Persisting muscle dysfunction in Cushing's syndrome despite biochemical remission.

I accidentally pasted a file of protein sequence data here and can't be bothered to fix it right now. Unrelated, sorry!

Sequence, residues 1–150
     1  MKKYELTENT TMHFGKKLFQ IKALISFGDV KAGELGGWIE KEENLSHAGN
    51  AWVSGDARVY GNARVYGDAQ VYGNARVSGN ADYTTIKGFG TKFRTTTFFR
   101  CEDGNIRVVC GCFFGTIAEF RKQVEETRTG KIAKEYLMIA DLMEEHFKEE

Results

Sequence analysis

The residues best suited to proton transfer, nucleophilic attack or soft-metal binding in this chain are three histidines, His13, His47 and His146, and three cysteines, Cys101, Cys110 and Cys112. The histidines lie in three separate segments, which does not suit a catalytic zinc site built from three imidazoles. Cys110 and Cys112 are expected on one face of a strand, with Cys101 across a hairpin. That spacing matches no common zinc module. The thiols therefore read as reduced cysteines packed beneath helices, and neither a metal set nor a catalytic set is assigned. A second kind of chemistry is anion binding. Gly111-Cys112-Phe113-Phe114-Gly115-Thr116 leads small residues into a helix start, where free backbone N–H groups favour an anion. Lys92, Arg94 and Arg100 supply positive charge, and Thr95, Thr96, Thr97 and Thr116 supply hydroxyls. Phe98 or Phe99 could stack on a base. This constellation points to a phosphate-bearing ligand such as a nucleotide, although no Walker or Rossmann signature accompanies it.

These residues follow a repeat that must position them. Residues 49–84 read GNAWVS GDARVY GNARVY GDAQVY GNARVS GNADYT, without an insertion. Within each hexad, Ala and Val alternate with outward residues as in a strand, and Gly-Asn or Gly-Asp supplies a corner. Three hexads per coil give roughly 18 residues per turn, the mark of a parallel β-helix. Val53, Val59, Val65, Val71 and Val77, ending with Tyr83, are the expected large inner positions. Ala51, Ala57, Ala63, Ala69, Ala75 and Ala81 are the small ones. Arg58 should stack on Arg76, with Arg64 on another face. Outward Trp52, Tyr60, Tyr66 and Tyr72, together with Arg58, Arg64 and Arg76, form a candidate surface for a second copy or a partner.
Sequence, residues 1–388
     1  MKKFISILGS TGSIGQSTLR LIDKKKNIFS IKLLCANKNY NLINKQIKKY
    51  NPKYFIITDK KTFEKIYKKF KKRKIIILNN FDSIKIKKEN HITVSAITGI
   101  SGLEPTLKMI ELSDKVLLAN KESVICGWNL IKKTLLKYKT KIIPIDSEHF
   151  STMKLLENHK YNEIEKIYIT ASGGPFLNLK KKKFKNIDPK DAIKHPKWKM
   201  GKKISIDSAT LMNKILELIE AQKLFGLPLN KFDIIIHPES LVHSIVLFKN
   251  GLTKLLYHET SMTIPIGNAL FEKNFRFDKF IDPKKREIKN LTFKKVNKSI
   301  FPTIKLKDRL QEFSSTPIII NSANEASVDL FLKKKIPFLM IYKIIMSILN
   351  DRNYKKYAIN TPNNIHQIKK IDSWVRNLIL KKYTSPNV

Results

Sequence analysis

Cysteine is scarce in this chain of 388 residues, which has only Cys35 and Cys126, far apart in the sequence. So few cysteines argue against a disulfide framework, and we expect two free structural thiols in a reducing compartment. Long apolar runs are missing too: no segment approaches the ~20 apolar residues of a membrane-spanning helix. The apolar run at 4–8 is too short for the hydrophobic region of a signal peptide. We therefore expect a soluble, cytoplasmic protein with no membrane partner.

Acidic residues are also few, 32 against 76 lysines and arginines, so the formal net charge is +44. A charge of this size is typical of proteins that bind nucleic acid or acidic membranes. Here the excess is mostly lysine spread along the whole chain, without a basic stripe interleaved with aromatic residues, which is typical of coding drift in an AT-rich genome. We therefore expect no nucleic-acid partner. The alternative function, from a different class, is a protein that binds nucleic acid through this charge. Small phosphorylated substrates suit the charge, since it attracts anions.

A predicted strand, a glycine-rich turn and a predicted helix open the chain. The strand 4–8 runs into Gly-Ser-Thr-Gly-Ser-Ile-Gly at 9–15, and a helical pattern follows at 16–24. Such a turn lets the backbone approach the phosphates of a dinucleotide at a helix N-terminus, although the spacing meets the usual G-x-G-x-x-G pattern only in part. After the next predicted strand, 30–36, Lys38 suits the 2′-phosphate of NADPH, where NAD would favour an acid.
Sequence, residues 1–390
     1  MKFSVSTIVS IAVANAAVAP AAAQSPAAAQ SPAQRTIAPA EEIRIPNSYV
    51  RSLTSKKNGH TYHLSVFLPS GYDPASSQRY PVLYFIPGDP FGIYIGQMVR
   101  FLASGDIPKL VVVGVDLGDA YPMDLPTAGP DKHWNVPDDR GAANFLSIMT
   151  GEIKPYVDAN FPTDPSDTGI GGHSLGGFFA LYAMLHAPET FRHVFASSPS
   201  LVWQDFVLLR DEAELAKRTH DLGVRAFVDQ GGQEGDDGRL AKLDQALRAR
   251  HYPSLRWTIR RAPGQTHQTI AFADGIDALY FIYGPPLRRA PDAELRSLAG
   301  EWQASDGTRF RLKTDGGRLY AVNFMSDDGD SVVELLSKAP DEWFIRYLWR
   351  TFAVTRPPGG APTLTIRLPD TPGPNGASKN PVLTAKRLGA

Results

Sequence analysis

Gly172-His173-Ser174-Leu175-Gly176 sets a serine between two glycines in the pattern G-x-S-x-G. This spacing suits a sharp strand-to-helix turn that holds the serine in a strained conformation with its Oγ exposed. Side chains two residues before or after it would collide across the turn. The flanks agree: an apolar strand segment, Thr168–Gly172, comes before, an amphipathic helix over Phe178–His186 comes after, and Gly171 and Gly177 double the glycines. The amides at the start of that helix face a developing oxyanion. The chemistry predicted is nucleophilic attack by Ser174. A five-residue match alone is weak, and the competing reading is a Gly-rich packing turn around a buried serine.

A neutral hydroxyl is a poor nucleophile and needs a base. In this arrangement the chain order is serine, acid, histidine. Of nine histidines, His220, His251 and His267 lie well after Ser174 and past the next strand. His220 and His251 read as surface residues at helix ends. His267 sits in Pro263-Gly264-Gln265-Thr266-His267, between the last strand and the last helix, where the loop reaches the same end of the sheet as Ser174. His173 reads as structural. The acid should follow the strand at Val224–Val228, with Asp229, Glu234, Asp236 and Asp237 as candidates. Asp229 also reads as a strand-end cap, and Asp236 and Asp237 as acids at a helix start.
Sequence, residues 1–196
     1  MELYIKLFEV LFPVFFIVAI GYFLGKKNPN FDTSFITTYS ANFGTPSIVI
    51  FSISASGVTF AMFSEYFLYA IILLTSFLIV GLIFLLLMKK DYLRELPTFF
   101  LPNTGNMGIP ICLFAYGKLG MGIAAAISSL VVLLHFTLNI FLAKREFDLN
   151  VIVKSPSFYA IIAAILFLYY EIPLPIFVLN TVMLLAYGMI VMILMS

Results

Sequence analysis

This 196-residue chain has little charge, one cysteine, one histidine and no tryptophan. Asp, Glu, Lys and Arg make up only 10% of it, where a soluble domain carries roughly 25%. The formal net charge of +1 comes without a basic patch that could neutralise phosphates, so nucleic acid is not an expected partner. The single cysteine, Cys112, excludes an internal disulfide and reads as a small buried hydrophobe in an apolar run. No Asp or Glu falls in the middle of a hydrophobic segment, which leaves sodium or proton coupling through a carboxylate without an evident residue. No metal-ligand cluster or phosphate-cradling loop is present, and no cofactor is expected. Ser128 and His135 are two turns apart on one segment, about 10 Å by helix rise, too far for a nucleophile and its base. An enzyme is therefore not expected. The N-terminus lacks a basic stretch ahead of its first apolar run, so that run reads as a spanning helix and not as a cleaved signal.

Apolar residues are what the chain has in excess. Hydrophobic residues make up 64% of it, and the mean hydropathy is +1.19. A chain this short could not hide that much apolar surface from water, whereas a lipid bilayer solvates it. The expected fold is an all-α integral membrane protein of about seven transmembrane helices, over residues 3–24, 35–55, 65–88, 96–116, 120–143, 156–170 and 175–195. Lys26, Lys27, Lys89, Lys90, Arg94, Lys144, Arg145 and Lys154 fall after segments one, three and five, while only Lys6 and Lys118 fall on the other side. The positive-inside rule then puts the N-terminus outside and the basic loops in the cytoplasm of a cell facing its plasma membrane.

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Glucocorticoid-induced myopathy is a characteristic symptom of endogenous Cushing's syndrome. Its long-term outcome is largely unknown.To evaluate long-term muscle function following remission of endogenous Cushing's syndrome.Observational longitudinal cohort study.Tertiary care hospitals and specialized outpatient clinic.As part of the prospective multicenter German Cushing's Registry we assessed muscle strength in patients with overt endogenous Cushing's syndrome. We studied the patients at the time of diagnosis (n=88), after 6 months (n=69) and thereafter annually following surgical remission over a period of up to four years (1 year: n=55; 2 years: n=34; 3 years: n=29; 4 years: n=22). Muscle function was evaluated by hand grip strength and by chair rising test.Grip strength was decreased to 83 % of normal controls (100 %) at time of diagnosis. It further decreased to 71 % after 6 months in remission (p≤0.001) and showed no improvement during further follow-up compared to baseline. Chair rising test performance improved initially (8 seconds at baseline vs 7 seconds after 6 months, p=0.004) but remained at this reduced level thereafter (7 seconds after 3 years vs 5 seconds in controls, p=0.038). In multivariate analysis we identified as predictors for long-term muscle dysfunction age, waist-to-hip-ratio and HbA1c at baseline. Furthermore, muscle strength during follow-up was strongly correlated with quality of life.This study shows that Cushing's syndrome associated myopathy does not spontaneously resolve during remission. This calls for action to identify effective interventions to improve muscle dysfunction in this setting.

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